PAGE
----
Hiking has been a staple activity for most outdoorsy and adventurous people for decades. There are entire department stores dedicated to hiking products and the best shoes to wear for extreme hiking. Or the best energy powder to mix with your water in order to fully replenish electrolytes. But intense, extreme, and professional hiking isn’t for everyone, that doesn’t mean it can’t be an activity for all to enjoy. In the State of Washington, you’ll find a lot of amazing hikes that are also some of the easiest hikes you’ll ever experience! No matter what your experience level in hiking, Washington has a delightful hike for you! Enjoy experiences to meander through Instagram-worthy photos, watch amazing wildlife through the parks, and refresh your spirits in nature.
Easy Hiking in Washington State
‘Easy’ hiking tends to refer to hikes that are 5 miles or fewer with less than 1000 feet of elevation gain. However, proper shoes and preparation should still be taken into account for your own safety before engaging on any of these hikes.
Gold Creek Pond
Gold Creek Pond is an ADA - accessible loop hike around a beautiful mountain pond at the top of Snoqualmie Pass. Early in the quiet of a peaceful morning, everything in the shimmering evergreen forest reflects off of the pond like sheer glass. The top of Central Cascades is mesmerizing! In the mornings you might even have this magnificent space all to yourself for personal meditation and reflection to start your day off right. However, because of its close proximity to Seattle and easy accessibility, it’s a reasonably popular trail. Take this opportunity to make new friends who share similar interests and expand your hiking!
This is one of the best family-friendly trails and offers you the most for your experience as a group. The trail follows Barclay Creek through a thick deep green forest for about two miles until you come upon Barclay Lake. Once there, let your sight be captivated by the grand Baring Mountains in the distance. This perfect picture view will leave you and the family breathless. This amazing place is well maintained and offers many opportunities to play in the woods, in the lake, and enjoy a day outside soaking up the delightful pleasures of nature with the whole family.
This is one of the shortest trails offered, but it is a little more on the steeper side than most of the hikes on this list. HeyBrook is not an exception to most fire lookouts as it tends to occupy locations that provide panoramic views of the surrounding land. It is a bit of a climb 67 feet above the ridgeline) to reach these magical views, but it's completely worth it!
Second Beach Trail
This amazing hike is located on the Washington Coast, just south of a small town you might remember from the hit movie and book series Twilight. The town is La Push and the trail to Second Beach is short and sweet, offering a perfect view and experience of this famous location. After just a little less than a mile, the smooth path splits and gives you a clear opening to the beachfront filled with iconic scenes from the Twilight movie. There are often large pieces of driftwood offering amazing decor for a photoshoot!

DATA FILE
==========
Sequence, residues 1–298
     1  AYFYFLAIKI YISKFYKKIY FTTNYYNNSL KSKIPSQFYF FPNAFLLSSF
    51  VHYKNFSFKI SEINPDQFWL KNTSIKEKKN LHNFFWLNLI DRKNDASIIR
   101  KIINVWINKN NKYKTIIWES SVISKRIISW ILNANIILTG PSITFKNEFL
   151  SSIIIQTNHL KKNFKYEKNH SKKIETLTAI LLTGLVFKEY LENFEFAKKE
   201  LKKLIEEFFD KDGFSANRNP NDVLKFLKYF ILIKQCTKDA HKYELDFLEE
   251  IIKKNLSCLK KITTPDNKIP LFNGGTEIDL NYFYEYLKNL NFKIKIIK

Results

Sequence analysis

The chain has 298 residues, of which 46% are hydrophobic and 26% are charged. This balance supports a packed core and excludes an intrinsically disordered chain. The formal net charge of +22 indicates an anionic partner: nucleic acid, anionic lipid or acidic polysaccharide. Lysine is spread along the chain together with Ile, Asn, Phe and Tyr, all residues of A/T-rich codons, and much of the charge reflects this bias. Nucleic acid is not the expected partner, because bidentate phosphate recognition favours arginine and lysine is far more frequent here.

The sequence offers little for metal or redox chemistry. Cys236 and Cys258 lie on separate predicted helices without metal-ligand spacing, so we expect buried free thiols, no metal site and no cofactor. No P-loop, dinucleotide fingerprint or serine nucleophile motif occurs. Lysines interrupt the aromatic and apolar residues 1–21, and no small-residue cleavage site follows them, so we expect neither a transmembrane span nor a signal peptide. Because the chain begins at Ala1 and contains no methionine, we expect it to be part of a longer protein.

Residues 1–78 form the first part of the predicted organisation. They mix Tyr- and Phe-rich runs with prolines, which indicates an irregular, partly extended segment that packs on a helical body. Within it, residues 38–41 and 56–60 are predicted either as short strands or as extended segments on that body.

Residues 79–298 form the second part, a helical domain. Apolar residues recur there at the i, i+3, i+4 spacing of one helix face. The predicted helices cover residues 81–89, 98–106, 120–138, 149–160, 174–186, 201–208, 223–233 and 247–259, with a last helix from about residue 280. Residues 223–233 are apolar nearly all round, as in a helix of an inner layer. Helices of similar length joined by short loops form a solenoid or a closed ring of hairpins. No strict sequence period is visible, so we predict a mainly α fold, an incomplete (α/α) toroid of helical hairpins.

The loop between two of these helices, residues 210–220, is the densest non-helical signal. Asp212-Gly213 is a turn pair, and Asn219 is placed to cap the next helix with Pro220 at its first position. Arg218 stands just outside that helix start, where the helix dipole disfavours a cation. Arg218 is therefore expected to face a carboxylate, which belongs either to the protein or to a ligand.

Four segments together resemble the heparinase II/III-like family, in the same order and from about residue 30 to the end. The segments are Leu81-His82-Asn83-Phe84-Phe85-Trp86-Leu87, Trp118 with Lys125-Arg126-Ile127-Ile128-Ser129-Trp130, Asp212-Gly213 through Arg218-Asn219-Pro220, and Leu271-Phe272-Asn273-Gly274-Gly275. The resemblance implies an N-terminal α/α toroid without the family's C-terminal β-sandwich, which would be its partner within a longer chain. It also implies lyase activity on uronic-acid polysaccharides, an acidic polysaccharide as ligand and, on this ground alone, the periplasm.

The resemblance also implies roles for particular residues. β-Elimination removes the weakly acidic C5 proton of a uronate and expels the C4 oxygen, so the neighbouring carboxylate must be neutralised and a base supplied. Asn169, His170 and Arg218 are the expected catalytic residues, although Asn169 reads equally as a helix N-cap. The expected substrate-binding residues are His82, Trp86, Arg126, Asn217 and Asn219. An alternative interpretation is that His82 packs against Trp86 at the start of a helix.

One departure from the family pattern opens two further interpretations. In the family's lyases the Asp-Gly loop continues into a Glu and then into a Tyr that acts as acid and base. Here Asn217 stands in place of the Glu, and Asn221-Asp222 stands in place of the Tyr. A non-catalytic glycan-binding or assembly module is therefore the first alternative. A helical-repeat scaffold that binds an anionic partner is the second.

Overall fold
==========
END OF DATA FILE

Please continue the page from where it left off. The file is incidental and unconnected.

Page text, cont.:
Tipsoo Lake and Naches Loop Trail
This trail is pretty easy given that it is a simple loop trail on Mount Rainier’s eastern side. This hike has magnificent views of all that nature has to offer with trees, wildlife, and clear water paths. The trail begins on the Pacific Crest Trail at Chinook Pass and traverses the east side of Naches Peak before the intersection at Naches Loop Trail. Although you can hike either loop in either direction, they both offer a wide range of beautiful sceneries and deep connections with the pure nature there. The optimal time to visit this particular hike is between late July and early August to witness the wide range of wildflower fields full of lupine, bistort, and paintbrush blooms. Perfect for amazing Instagram photos!
Leave No Trace
Most sites for amazing experiences in nature have a standard ‘Leave No Trace’ policy in order to protect the outdoors and wildlife in each area. It’s important to remember that these rules are in place simply to protect nature and the sacred spaces. They are not in place to judge or exclude any particular groups or individuals from experiencing all nature has to offer. It’s simply a guideline to help people enjoy the outdoors responsibly.
These principles include (but are not limited to):
- Plan ahead and prepare
- Travel and camp on durable surfaces
- Dispose of waste properly
- Leave what you find
- Minimize campfire impacts (be careful with fire)
- Respect wildlife
- Be considerate of other visitors
If you ever had a desire for hiking but felt like these experiences were out of your reach, set your sights on Washington State and head to these simple and magical hikes. Even you can become a regular hiker!